insurgents' aim had been to deter voters.
The police were tipped off by Pakistani authorities that two cars and a
fuel tanker filled with explosives were on their way from Pakistan, the
governor said. They towed away a suspect car from the city on Thursday
and a fuel tanker on Friday, and coalition sniffer dogs seemed to
confirm that both had been laden with explosives, the governor said.
"It could have been catastrophic with 60,000 liters of fuel going up,"
Mr. Pashtun said. The police have also found and defused five roadside
bombs in the city in the last week, the governor said.
Yet in view of the security clampdown in the main cities, armed attacks
on remote districts or polling stations were the more likely event,
local police and government officials said. In those areas the threats
from the Taliban and the fear of violence among the population would
probably reduce the turnout.
The chief of Khakrez, a district in the north of Kandahar Province,
said 80 Taliban fighters had recently arrived in his district and had
taken shelter in the mountains. "They will try to attack the polling
stations when voting starts and stop more people coming," he said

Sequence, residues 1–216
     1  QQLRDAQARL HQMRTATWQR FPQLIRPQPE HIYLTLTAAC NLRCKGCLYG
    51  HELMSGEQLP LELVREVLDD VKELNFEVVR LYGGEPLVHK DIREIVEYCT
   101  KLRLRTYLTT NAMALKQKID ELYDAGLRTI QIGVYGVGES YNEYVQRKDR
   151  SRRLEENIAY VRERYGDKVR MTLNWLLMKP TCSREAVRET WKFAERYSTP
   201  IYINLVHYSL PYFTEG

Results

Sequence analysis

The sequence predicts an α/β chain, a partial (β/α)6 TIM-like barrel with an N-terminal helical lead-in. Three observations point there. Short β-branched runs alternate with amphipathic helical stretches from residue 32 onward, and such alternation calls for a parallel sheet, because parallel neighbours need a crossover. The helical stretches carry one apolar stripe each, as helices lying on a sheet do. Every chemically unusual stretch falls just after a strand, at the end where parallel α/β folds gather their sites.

during a visit to Kandahar to alert the American forces about the group.
Afghan forces tried to surround the group on Friday and set off a
firefight. Three Taliban were killed and one wounded and captured, Mr.
Pashtun said. Reinforcements had been sent to pursue the rest of the
group, he said.
Kandahar is the hometown of President Hamid Karzai and is expected to
return a solid vote for the incumbent. Yet it was also the spiritual
base of the Taliban and remains a potential target for violence. The
Afghan government has fielded 5,000 police officers and soldiers there,
and they are backed by American troops.
Rockets were fired overnight at several cities, including the capital
Kabul, where a rocket landed close to the American military
Two children were wounded in another rocket attack in the eastern city
of Jalalabad, and six rockets hit Qalat in Zabul Province, although
they did no damage.
Copyright 2004 -- __________________________